• What I find interesting...is why doesn't anyone massively manufacture faster CPUs basing their underlying design on the ZX Spectrum...

      Oh, I know this one! It's because they're all stupid, right?

      I'm certain that the engineers and scientists at Intel, AMD, VIA, Transmeta, Motorola, IBM, SGI, etc. (many of whom with EARNED Ph.D's) are all sitting around reading Slashdot so that they can harvest your pearls of wisdom, and learn from the master how to build faster microprocessors. If they would just clock a
    • Well, modern cpus are clocked so much faster for two reasons. 1, the transistors are smaller, and therefore faster. 2, modern cpus do less per instruction per clock, due to instructions moving through the cpu's pipeline. While a sinclair might execute an entire instruction in a single clock, a modern Pentium will break that instruction into close to 30 clock cycles, doing a very small portion of the instruction in each pipeline stage. The downside to this, is that when a jump or branch occurs, which is
  • Popularity? (Score:5, Interesting)

    by MBCook (132727) <foobarsoft@foobarsoft.com> on Saturday October 23, 2004 @05:17PM (#10610549) Homepage
    This brings up a question that I've been wondering. Sinclair machines were very popular over in Europe, right? Could anyone tell me why they took off over there and not over here?

    Either way, neat show. Wish I could go.

    • Poor Marketing

      This is what prevented them from being a really big player here.

      It's also what killed the atari comptuer products..
    • Re:Popularity? (Score:5, Interesting)

      by pesc (147035) on Saturday October 23, 2004 @06:04PM (#10610731)
      Sinclair machines were very popular over in Europe, right? Could anyone tell me why they took off over there and not over here?

      The first machine I bought was a Sinclair ZX-80. I bought it because it was very inexpensive. It was the first complete system to sell for under 100 pounds, which was revolutionary cheap for the time.

      The circuitry was amazing. It had 1 KByte of memory which also serverd as video memory! I remember that someone crammed in a chess program into that. The original BASIC interpreter was 4K. (Why are all program so damned big nowadays?)

      To make the system very cheap, it had no dedicated video circuitry! You stored characters in RAM and ended each line with 0x76. (The less text you had on display, the less memory it used.) To display the text on the screen, you set a special bit in hardware and jumped to the RAM character buffer. The CPU would start to fetch instructions from the text buffer, but the hardware would clear all bits fed to the CPU (00=NOP). Instead the RAM output was fed to the BASIC ROM which now served as a character generator. When the end of line was reached, the 0x76 code was fed to the CPU which interprets that code as a HLT (halt) instruction. So no more bits were fed to the display until horizontal sync, which gave the CPU another interrupt. So with a minimum of 74xx logic gates video text could be generated at low cost and extremely low memory requirements. Of course, the screen went blank when executing BASIC code.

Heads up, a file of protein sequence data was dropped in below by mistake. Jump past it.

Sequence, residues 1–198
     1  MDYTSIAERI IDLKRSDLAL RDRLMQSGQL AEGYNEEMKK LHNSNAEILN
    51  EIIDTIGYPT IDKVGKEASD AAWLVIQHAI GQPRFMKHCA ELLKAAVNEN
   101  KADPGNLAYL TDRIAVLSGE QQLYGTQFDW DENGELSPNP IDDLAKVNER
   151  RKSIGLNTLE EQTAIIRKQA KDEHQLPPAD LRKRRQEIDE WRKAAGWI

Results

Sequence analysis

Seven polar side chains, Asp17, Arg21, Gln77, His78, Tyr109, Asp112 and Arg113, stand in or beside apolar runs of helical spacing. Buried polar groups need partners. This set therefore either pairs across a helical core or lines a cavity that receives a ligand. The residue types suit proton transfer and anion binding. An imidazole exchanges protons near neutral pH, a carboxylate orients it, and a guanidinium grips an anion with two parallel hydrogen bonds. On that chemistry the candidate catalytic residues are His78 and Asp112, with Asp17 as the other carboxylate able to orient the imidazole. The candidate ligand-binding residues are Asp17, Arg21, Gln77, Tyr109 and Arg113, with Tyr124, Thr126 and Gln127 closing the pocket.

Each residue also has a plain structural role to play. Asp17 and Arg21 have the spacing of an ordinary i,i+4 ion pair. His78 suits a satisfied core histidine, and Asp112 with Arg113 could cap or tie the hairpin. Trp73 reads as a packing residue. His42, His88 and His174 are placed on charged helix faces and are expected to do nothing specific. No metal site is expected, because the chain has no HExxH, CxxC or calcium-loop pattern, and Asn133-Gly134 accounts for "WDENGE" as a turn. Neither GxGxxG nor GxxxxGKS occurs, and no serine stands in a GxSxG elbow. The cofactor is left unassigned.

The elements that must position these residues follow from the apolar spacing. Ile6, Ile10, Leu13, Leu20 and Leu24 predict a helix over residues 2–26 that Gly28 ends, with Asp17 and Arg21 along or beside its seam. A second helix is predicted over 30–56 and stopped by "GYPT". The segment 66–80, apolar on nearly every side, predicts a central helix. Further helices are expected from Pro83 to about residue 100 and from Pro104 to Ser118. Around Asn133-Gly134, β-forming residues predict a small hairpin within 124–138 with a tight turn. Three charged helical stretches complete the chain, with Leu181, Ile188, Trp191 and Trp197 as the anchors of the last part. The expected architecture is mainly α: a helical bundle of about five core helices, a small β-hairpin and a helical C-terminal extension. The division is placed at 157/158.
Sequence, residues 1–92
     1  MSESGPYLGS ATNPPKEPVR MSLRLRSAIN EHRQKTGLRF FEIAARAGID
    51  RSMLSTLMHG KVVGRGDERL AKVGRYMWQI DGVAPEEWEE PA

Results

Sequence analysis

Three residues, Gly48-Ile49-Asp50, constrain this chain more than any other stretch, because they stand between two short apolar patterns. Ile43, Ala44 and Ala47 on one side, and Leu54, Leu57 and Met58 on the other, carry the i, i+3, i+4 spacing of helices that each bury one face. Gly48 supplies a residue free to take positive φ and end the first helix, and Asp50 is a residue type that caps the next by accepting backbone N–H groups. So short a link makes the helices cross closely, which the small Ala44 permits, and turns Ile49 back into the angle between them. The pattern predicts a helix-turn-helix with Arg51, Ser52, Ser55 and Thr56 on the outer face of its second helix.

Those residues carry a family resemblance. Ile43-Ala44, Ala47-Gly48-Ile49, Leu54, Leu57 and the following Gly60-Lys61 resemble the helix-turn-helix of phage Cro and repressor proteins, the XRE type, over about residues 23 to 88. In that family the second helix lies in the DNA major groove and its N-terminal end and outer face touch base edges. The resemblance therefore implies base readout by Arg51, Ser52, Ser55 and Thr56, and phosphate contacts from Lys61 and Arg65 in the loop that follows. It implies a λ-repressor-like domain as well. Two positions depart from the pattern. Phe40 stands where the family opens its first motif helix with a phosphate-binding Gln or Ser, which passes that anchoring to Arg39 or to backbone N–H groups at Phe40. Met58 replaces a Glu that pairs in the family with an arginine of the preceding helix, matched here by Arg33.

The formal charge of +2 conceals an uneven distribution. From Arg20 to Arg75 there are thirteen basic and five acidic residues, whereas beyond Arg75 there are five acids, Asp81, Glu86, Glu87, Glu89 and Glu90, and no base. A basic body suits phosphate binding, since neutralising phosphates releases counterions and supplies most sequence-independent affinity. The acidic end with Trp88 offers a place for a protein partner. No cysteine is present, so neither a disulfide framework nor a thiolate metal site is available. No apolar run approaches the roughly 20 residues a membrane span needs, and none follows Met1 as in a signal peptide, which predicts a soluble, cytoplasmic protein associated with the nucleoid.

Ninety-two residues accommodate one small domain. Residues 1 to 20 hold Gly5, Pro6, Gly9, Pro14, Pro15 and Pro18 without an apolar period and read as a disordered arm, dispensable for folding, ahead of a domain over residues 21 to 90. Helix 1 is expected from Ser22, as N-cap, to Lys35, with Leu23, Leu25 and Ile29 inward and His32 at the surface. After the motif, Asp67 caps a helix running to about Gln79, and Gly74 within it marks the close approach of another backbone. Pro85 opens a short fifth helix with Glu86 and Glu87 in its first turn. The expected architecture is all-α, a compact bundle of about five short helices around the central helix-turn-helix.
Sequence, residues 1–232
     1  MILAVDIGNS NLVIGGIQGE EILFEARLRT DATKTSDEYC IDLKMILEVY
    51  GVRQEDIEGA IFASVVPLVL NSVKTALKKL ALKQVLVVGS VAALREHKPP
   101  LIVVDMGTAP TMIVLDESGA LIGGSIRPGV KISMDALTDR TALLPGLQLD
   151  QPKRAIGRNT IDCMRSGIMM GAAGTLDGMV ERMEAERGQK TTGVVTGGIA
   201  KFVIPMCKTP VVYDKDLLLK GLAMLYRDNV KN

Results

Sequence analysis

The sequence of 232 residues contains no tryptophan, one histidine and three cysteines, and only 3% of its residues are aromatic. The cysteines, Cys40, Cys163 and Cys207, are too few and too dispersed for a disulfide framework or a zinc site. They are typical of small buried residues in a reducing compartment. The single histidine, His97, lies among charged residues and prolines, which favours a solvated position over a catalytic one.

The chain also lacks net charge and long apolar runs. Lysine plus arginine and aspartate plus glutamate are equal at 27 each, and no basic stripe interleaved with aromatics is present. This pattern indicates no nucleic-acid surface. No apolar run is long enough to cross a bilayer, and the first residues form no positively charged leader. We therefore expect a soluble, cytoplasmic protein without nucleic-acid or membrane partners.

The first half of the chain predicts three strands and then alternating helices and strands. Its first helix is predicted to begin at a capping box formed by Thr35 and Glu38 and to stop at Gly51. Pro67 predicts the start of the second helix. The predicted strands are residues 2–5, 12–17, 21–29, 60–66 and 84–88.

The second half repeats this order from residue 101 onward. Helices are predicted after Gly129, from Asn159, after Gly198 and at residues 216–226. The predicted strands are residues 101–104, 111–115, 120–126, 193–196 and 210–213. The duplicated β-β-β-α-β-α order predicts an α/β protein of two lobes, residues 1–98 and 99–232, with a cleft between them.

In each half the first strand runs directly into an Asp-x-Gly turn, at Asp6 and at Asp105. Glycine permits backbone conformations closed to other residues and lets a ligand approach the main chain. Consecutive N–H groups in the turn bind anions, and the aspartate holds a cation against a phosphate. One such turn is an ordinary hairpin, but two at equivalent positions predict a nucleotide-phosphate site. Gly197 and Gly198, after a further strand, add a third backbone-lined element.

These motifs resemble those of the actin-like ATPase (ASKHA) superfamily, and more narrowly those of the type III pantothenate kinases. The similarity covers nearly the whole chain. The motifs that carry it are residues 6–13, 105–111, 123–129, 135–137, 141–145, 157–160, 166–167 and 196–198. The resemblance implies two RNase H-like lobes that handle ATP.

It was an amazing machine and I have many fond memories playing with it. The schematics was included so you could do some hardware hacking as well.

      • Re:Popularity? (Score:5, Informative)

        by mikael (484) on Saturday October 23, 2004 @06:54PM (#10610993)
        Here are some adverts from that era

        Applications for games and applications [hw.ac.uk].

        It's amazing they managed to get a flight simulator (if a bit blocky) running.

        The $149 computer [hw.ac.uk]

        The $99.95 computer [hw.ac.uk]
        • Here are some adverts from that era

          *sniff* Ahhh... ye olde Sinclair ZX81 (aka the Timex Sinclair 1000)... my first computer.

          My Dad secretly added on a real keyboard for it (or somehow getting one with a proper keyboard), taught himself how to program, and then pretending not to know how to program he just sat back and let me go at it.
          • Re:Popularity? (Score:3, Informative)

            by mikael (484)
            There used to be small mail-order companies who adapted standard keyboards for the ZX81. They used to advertise in the small columns of Personal Computer World. If I remember correctly, the keyboard was black, and fitted over/around the ZX81 (not unlike the Dell keyboards 20 years later!) with the exact ZX81 keyboard lettering on the keyboard.

      • The circuitry was amazing. It had 1 KByte of memory which also serverd as video memory! I remember that someone crammed in a chess program into that. The original BASIC interpreter was 4K. (Why are all program so damned big nowadays?)